Ducks in the woods

We’ve had a lot of rain (with snow intermixed here and there).  Today was a nice day, so we let the chickens and ducks out of their run.  Our yard and the surrounding woods are made up of some rolling terrain – we have some lower spots that have recently filled with water because of the large amounts of rain we’ve had.   The ducks found one of these spots (and I swear they made it a little larger with all their dabbling).  Here are some shots of them enjoying their temporary pond in the woods:

duck created pond
Here is a muddy spot that leads from the yard to the puddle/pond they were enjoying.
duck prints in mud
Here are duck-prints in the mud.
ducks 1
Enjoying the pond.
duck pond 2
As you can see the low spot / pond is quite large.
ducks 2
I wonder what they’re eating – probably worms.
daffodils
Here are the daffodils that were right next to the duck’s pond.

A nice spring evening. The ducks really enjoyed it, and so did we.

 

 

September in the Coop

We’ve had a lot happening in the chicken/duck coop lately.  The ducks are doing well in there with the chickens. It has been a little more humid when I open the coop in the morning, but some of that could be the fact that we are constantly getting rain – this summer was abnormally wet, and it has continued into September. Luckily the temps are more autumn-like. We started with straw bedding a couple years ago, which turned into cob on the floor – thanks to the ducks, the humidity moistened that cob layer so I was able to finally get it all off the floor today. They now have a super-clean freshly cleaned coop floor. (We switched to pine shavings and it’s been really nice – it doesn’t turn solid on the floor and it smells nice when you lay it down).

We have been getting eggs from the 2nd batch-hatch hens,  and are up to about a dozen-plus a day.  My third batch chickens are only 2 months old, so they will start laying later.

We have a whole lot of roosters, and more coming up. I gave one of our youngest, from the third batch, away to a friend who needed a rooster. With some of the youngest chickens it’s still hard to tell which gender they are, so we’ll have to see. We will have to cull some roosters, and I was planning on doing that a couple weeks ago, but I ended up waiting –  they are still with us for the time being. We’ll probably start culling some when it gets a little cooler. I sold our lone bantam hen to someone who had other bantams. One of our large roosters mounted her and I was afraid he was going to kill her, so I rehomed her quickly.

Here are some scenes from the coop:

ducks
Some of the ducks in the yard.
twin-barred-rock-roos
Two barred-rock-looking roosters. (They have feathered legs, so we’re not sure what kind they really are).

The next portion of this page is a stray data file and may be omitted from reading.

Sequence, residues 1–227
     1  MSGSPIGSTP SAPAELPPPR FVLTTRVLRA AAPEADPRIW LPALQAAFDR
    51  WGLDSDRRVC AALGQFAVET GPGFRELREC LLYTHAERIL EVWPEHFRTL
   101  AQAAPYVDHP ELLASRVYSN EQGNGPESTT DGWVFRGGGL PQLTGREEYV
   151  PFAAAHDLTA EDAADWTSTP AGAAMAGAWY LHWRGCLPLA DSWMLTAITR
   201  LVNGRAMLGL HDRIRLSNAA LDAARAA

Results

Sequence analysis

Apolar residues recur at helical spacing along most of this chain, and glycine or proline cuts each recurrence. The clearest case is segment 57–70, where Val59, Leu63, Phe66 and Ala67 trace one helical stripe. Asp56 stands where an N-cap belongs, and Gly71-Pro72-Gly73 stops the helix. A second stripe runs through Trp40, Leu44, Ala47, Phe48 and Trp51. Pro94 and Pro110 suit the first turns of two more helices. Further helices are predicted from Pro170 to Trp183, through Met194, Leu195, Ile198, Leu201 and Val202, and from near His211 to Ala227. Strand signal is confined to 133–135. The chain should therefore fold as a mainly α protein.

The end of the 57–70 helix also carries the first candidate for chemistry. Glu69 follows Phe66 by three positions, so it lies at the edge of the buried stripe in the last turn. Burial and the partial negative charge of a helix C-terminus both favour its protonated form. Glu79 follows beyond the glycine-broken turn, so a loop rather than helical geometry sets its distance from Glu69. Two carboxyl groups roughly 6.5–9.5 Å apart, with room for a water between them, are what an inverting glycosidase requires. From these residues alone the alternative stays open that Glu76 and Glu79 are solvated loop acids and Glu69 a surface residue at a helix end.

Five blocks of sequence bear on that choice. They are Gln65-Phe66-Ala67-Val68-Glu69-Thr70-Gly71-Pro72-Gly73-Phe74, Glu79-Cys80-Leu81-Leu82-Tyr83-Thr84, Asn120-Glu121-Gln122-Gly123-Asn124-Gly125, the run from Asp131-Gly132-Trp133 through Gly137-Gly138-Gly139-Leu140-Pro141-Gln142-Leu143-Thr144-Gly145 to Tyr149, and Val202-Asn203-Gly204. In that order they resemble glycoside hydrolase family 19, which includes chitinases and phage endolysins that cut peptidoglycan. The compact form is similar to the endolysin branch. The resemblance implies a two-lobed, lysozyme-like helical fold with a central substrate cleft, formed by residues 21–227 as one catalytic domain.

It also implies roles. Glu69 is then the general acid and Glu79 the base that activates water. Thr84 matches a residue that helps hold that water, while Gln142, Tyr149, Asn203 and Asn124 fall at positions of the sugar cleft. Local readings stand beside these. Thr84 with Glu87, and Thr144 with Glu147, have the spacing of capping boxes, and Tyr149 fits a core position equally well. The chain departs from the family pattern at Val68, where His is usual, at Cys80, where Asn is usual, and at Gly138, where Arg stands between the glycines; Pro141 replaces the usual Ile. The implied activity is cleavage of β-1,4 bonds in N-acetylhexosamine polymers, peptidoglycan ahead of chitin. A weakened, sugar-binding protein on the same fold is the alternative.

short-butt-general
The General perching with some of the ladies. He’s missing his tail feathers (just went through a molt recently) so he looks really short.
no-butt-general
Here’s the General with his tail-featherless butt.
easter-egger-roo
This is the Easter Egger rooster.
copper-maran-roo
Our black copper maran rooster.
big-white-roo
Our white rooster from the first batch (our test batch) this year.  He is on the short-list for freezer camp, but he’s actually a really decent rooster, so we’ll see. That’s part of why we’re waiting to cull anyone: indecision.
coop-perch-gang
Some of the perch-gang. Most of these ones tend to hang out in this room of the coop. There is our frizzled chicken (who is ALSO a rooster, we found), on the right. Our brahmas and speckled sussex from last year are on the left, and the others are Easter Eggers and some kind of crested hens. The black chicken in the front is a Black copper maran.
red-and-brahma
One of the Brahmas (from last year) and a production red hen (who is 2 years old).
older-ladies
These are some of the older ladies. They like to hang out in the front room of the coop.
021
Eggs! On top are the chicken eggs, and the bottom are all duck eggs. We are not getting any blue chicken eggs, just olive. We are not supposed to get blue duck eggs (we have pekins) but we do get them. So at least we get blue eggs from somewhere.

The coop is a very exciting place!

Clucks and Quacks… and chocolate eggs

Yesterday, my plan was to harvest all 10 ducks.  Their pen was a big muddy mess, and we’ve been planning on doing it for months but things get in the way. Early yesterday, I got everything ready. I culled the three males first, and then one of the seven females.  We decided to skin them because it’s (supposedly) easier than dealing with duck wax and everything to get the feathers out, and then you don’t have all the duck fat to deal with.  As the day wore on, and I was working on the fourth duck, my husband thought maybe we should stop at the four we’d done. He said “why don’t we try putting the rest of them in with the chickens?”  I agreed to that – doing all 10 was a daunting task – just the four we did wore us out and took a big chunk of the day. The big reason I wanted to harvest them all was their horribly messy pen – they make lots of mud, and slogging through that each day to feed and water them, and to get their eggs, was really hard. The house we built was really low also, and they loved to lay eggs way at the back, so we’d sometimes have to crawl in there to get the eggs.  We would put new bedding in each night and by morning it would be sopping wet, so you’d be kneeling on sloppy old mucky bedding to get the eggs.  The remaining ducks, now in the chicken coop, are not getting a pool.  I may fill a small one (not in the pen) and let them play here and there, but they are not getting one in the run.